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Law School Case Brief

Apprendi v. New Jersey - 530 U.S. 466, 120 S. Ct. 2348 (2000)

Rule:

Other than the fact of a prior conviction, any fact that increases the penalty for a crime beyond the prescribed statutory maximum must be submitted to a jury, and proved beyond a reasonable doubt. With that exception, it is unconstitutional for a legislature to remove from the jury the assessment of facts that increase the prescribed range of penalties to which a criminal defendant is exposed. It is equally clear that such facts must be established by proof beyond a reasonable doubt.

Facts:

Petitioner Apprendi fired several shots into the home of an African-American family and made a statement -- which he later retracted -- that he did not want the family in his neighborhood because of their race. He was charged under New Jersey law with, inter alia, second-degree possession of a firearm for an unlawful purpose, which carries a prison term of 5 to 10 years. The count did not refer to the State's hate crime statute, which provides for an enhanced sentence if a trial judge finds, by a preponderance of the evidence, that the defendant committed the crime with a purpose to intimidate a person or group because of, inter alia, race. After Apprendi pleaded guilty, the prosecutor filed a motion to enhance the sentence. The court found by a preponderance of the evidence that the shooting was racially motivated and sentenced Apprendi to a 12-year term on the firearms count. In upholding the sentence, the appeals court rejected Apprendi's claim that the Due Process Clause requires that a bias finding be proved to a jury beyond a reasonable doubt. The State Supreme Court affirmed.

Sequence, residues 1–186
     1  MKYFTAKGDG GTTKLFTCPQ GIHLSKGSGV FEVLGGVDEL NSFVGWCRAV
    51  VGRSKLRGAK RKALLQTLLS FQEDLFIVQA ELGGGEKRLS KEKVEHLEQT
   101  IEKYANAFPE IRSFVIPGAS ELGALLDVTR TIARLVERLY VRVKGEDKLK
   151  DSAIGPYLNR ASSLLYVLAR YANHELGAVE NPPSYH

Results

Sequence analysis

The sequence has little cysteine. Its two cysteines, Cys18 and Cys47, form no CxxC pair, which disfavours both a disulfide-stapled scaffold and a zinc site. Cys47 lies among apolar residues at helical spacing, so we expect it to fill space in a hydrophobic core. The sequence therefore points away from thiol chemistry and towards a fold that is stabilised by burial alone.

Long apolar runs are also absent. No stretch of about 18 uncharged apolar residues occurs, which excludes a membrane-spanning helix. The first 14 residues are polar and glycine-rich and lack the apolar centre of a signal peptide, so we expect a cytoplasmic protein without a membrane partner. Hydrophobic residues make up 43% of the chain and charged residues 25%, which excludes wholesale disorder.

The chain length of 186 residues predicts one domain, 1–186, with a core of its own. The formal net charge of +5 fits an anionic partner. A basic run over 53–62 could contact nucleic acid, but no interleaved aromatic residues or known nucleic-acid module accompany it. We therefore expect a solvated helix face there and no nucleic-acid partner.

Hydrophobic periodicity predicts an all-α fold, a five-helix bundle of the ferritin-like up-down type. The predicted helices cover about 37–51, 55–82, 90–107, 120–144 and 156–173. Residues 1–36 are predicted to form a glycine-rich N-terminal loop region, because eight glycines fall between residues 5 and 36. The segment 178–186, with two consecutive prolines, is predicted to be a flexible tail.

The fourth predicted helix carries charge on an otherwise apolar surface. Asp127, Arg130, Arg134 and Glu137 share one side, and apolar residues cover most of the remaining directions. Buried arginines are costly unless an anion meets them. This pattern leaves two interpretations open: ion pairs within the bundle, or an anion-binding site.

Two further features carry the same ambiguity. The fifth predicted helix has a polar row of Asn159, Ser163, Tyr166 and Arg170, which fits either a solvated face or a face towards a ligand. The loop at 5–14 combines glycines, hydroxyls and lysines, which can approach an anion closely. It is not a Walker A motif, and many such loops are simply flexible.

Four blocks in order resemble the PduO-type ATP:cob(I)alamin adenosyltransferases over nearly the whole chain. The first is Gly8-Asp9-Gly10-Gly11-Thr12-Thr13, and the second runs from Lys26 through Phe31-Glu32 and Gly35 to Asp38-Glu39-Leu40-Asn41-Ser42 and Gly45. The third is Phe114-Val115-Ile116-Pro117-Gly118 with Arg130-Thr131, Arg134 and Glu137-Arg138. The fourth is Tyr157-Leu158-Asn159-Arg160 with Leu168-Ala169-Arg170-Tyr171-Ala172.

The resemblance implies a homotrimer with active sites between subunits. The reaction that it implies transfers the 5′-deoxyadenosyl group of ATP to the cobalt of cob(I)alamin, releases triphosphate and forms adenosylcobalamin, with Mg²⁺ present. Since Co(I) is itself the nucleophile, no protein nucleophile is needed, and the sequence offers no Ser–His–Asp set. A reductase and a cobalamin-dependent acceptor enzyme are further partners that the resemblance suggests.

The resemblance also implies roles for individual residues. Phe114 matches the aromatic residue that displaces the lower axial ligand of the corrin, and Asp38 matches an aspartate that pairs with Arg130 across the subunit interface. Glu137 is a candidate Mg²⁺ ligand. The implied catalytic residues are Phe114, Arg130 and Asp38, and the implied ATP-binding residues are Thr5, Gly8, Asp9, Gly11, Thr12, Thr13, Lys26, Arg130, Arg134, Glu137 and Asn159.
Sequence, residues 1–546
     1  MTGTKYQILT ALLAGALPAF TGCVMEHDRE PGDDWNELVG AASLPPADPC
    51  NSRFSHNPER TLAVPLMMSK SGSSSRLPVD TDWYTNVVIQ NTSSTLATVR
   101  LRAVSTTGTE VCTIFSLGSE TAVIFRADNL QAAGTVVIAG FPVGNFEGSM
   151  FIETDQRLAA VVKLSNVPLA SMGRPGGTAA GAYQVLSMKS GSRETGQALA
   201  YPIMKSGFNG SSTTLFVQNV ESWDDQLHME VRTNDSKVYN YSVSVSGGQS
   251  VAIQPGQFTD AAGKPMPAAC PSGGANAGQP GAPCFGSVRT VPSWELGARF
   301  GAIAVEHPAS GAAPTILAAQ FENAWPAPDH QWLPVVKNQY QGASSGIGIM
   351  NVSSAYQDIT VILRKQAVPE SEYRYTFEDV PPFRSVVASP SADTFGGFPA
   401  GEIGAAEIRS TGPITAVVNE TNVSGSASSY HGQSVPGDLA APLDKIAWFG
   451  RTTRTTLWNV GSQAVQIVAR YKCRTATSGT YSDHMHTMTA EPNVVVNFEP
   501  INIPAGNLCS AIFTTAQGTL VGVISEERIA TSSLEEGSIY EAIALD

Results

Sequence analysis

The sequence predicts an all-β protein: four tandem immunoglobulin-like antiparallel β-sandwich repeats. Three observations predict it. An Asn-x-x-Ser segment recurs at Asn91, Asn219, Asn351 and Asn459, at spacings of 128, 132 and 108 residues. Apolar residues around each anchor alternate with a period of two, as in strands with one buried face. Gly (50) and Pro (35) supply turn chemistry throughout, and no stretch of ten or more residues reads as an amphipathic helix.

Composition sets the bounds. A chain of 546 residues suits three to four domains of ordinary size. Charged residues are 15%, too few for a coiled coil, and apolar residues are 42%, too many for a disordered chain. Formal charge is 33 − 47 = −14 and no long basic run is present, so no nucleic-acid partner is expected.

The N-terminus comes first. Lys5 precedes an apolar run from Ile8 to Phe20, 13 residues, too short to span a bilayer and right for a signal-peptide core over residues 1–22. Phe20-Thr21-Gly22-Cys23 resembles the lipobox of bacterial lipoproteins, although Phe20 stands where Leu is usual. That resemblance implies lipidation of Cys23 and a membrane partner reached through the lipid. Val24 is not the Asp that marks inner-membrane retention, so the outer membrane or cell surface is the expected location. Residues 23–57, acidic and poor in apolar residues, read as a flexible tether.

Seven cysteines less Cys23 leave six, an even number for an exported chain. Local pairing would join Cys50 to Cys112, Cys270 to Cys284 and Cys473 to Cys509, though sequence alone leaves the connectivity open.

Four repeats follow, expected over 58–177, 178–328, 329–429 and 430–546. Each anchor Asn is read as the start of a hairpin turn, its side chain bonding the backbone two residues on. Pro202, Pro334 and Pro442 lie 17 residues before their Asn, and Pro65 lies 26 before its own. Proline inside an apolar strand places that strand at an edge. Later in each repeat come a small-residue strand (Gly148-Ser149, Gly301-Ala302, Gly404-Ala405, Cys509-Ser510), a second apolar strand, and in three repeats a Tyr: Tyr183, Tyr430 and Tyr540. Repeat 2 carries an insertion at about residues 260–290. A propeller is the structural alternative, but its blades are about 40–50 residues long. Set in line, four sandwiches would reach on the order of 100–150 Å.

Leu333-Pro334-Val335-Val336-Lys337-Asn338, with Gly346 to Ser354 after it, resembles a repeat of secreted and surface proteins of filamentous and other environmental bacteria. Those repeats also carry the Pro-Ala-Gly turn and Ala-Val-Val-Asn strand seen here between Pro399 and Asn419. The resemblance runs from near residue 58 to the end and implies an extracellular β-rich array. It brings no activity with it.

Issue:

Was the removal from the jury the assessment of facts that increased the prescribed range of penalties to which Apprendi was exposed constitutional?

Answer:

No

Conclusion:

The court reversed the judgment because the procedure was an unacceptable departure from the jury tradition. The Due Process Clause of U.S. Const. amend. XIV required that a jury on the basis of proof beyond a reasonable doubt make the factual determination authorizing an increase in the maximum prison sentence.

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